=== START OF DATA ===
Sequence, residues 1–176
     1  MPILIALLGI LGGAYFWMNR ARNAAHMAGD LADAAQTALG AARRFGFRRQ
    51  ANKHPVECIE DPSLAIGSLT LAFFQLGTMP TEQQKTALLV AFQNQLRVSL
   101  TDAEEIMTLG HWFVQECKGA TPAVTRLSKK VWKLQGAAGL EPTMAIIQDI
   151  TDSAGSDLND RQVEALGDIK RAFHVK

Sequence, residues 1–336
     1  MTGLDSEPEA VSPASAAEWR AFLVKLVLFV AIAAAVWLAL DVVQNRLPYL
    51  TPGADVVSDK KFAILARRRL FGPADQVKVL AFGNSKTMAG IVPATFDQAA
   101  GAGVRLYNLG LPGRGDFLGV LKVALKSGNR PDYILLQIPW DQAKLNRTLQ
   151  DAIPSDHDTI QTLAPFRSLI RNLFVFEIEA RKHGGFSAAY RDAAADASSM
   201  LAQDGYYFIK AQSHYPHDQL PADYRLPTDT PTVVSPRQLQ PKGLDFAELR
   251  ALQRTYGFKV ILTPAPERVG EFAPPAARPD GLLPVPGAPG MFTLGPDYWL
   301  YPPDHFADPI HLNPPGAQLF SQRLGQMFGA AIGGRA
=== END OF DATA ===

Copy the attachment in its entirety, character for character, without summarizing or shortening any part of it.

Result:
Sequence, residues 1–176
     1  MPILIALLGI LGGAYFWMNR ARNAAHMAGD LADAAQTALG AARRFGFRRQ
    51  ANKHPVECIE DPSLAIGSLT LAFFQLGTMP TEQQKTALLV AFQNQLRVSL
   101  TDAEEIMTLG HWFVQECKGA TPAVTRLSKK VWKLQGAAGL EPTMAIIQDI
   151  TDSAGSDLND RQVEALGDIK RAFHVK

Sequence, residues 1–336
     1  MTGLDSEPEA VSPASAAEWR AFLVKLVLFV AIAAAVWLAL DVVQNRLPYL
    51  TPGADVVSDK KFAILARRRL FGPADQVKVL AFGNSKTMAG IVPATFDQAA
   101  GAGVRLYNLG LPGRGDFLGV LKVALKSGNR PDYILLQIPW DQAKLNRTLQ
   151  DAIPSDHDTI QTLAPFRSLI RNLFVFEIEA RKHGGFSAAY RDAAADASSM
   201  LAQDGYYFIK AQSHYPHDQL PADYRLPTDT PTVVSPRQLQ PKGLDFAELR
   251  ALQRTYGFKV ILTPAPERVG EFAPPAARPD GLLPVPGAPG MFTLGPDYWL
   301  YPPDHFADPI HLNPPGAQLF SQRLGQMFGA AIGGRA